Shandaken planners fear NYC's new flood buyout plan
By Jay Braman Jr.
The Shandaken Planning Board is expected to take a long-hard look at the details of a controversial plan to allow the City of New York to buy homes and businesses in local hamlets and villages.
At the June meeting of the planning board, rookie member Alan Shiner brought the matter up after reading about it in the Catskill Mountain News earlier that same day. “I think this is going to be very dangerous for our area,” Shiner warned.
The New York City Department of Environmental Protection (DEP) program, Shiner said, has earmarked a minimum of $15 million dollars to acquire properties from willing sellers whose homes are currently located in dangerous flood zones in the Catskill and Delaware watersheds, a vast territory covering parts of Ulster, Delaware, Greene, Schoharie and Sullivan counties. What it buys, the city will offer localities the opportunity to take over and own as long as they only be utilized as green space or recreational lands from then on.
This program will not compete with FEMA buyout programs. Properties that don’t fit into the FEMA buyout would be eligible under the city’s buyout.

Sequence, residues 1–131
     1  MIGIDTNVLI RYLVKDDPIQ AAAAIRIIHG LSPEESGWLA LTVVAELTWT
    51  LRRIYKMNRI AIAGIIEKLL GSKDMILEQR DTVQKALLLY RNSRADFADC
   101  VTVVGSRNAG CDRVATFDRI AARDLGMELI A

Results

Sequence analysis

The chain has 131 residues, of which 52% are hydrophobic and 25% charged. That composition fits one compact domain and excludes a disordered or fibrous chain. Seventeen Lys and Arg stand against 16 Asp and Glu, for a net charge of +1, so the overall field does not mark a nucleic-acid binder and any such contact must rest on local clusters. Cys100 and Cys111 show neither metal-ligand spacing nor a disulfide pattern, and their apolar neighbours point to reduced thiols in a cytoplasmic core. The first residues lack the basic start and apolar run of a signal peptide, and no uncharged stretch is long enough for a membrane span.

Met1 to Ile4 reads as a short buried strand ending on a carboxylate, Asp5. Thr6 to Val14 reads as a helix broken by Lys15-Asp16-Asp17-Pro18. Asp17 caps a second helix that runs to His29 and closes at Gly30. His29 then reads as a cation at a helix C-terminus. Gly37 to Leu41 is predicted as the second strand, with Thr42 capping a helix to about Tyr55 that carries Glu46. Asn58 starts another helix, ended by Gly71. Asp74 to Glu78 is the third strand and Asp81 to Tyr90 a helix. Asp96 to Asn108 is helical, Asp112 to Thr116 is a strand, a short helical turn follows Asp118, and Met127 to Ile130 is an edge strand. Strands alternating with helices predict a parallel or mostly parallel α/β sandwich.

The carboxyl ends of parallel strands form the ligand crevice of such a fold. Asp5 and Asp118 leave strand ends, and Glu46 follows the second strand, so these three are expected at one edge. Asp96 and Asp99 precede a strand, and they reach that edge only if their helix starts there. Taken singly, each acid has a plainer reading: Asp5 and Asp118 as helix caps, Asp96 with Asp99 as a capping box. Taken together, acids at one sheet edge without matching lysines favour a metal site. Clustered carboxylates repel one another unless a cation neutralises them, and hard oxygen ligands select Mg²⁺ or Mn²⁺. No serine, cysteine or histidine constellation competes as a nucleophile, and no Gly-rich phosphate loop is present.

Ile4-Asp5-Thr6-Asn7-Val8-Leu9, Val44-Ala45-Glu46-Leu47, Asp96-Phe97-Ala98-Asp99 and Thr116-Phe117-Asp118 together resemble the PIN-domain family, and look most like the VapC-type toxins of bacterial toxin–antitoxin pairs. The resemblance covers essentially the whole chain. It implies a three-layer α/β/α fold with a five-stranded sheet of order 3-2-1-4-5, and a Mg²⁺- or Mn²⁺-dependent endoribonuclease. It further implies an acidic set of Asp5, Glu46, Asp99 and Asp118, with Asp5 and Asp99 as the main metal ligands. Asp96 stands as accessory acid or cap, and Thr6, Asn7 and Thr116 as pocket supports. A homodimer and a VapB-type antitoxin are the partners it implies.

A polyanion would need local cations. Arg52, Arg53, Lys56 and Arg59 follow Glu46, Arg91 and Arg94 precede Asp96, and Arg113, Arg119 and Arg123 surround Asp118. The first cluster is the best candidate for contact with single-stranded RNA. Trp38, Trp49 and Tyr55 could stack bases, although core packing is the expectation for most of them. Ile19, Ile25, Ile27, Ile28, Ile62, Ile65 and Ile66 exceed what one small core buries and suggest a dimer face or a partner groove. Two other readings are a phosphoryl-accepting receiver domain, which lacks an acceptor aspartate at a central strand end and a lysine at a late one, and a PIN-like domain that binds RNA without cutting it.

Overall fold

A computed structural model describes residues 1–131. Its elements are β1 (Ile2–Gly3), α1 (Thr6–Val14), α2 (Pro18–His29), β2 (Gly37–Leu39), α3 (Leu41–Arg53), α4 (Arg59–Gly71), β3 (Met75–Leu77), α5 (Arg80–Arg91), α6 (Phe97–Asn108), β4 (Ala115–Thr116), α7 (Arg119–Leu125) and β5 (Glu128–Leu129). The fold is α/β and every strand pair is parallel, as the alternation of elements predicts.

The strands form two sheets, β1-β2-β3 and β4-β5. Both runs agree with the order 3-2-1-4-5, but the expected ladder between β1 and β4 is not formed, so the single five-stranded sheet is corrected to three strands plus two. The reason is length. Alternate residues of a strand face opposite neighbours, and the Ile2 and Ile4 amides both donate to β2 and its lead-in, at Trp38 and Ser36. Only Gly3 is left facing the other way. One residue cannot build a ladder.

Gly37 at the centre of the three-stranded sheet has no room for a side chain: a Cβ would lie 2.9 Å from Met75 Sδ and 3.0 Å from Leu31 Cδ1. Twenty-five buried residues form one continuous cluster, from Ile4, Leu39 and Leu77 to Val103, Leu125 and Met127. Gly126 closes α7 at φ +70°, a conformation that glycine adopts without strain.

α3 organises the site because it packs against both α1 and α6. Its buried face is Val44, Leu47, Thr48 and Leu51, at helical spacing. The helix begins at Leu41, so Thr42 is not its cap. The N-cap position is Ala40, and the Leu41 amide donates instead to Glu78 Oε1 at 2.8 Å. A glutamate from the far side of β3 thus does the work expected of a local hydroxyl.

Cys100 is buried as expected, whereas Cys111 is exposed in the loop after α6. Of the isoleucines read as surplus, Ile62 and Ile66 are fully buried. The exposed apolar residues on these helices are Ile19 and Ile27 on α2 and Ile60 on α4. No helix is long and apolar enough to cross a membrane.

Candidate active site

But the buyouts will proceed only with local municipal support, Shiner noted, and that’s where the planning board comes in.
Shiner, the only planner familiar with the plan, wants the board to review it at their July 2 session.
He said that, using a rough estimate of the average home going for $200,000 these days, the City has enough cash right now to pick up about 75 dwellings.
“These will be taken off the tax rolls, converted to grass and totally upset any planning that we would have, say, in the hamlet of Pine Hill,” he said. “If there’s anybody that sells out, your next door neighbor’s gonna be gone.”
Most of the board vaguely recalled the 1997 Memorandum of Agreement between the City and Watershed dwellers; a deal that spelled out where and where not the City could buy property. Details of that arrangement where important to Watershed folk at the time, with local officials pointing to the massive land grabs made by the City in the early to mid 20th Century.
Fearing nothing less than complete depopulation of the region, locals forced the City to agree to only purchase vacant land in parcels larger than 10 acres and only from willing sellers. The deal also identified borders, prepared by local officials, surrounding hamlets in which anything inside was declared hands off to the City no matter what.
But this new flood buyout program, said planner Joanne Kalb, appears to allow the City entry into those “no buy zones” and seems to violate the spirit of that 1997 agreement.
With that in mind, Board Chair Don Brewer, agreed they should weigh in. “As a planning board let’s look into this,” he said.
After review, the planners will develop an official opinion as to whether the Town of Shandaken should participate in the program or not and submit it to the town board, which ultimately makes the decision.